chapter
3 Pages

INTRODUCTION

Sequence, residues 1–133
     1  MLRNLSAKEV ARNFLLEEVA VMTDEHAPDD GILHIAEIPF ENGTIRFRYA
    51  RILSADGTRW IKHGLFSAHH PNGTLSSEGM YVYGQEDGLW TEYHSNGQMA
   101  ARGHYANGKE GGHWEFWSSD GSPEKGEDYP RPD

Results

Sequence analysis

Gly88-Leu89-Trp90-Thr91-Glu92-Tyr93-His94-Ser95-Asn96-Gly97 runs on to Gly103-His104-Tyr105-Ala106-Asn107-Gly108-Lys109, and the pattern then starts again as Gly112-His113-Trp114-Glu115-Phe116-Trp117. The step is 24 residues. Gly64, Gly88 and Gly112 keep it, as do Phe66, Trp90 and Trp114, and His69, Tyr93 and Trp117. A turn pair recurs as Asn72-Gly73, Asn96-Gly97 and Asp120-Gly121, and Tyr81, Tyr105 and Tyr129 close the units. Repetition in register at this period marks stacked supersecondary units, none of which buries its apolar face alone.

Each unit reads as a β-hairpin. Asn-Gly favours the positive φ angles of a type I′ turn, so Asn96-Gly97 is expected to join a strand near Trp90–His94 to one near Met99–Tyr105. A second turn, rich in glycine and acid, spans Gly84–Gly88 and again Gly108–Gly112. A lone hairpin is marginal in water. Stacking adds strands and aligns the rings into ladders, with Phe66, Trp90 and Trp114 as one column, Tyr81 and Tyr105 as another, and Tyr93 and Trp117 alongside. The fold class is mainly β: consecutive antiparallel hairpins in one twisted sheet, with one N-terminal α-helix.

I n Part I of this monograph I have attempted to show that it is not possible to find a satisfactory explanation of the property relation between organism and environment in the concept of an instinct of acquisition. I have attempted to show further that the key to this relationship is to be found in a study of those situations where the organism appears to be exercising some form of exclusive control over those environmental ‘values’ with which it is brought into contact by its own activities. These values, these end-objects, satis­ fying those instincts which subserve fundamental needs of the organism, I have termed primitive property values. Broadly speaking, then, I have suggested that property is primarily the resultant of that organic striving which appro­ priates from the environment material for self-provision, self­ development and racial perpetuation.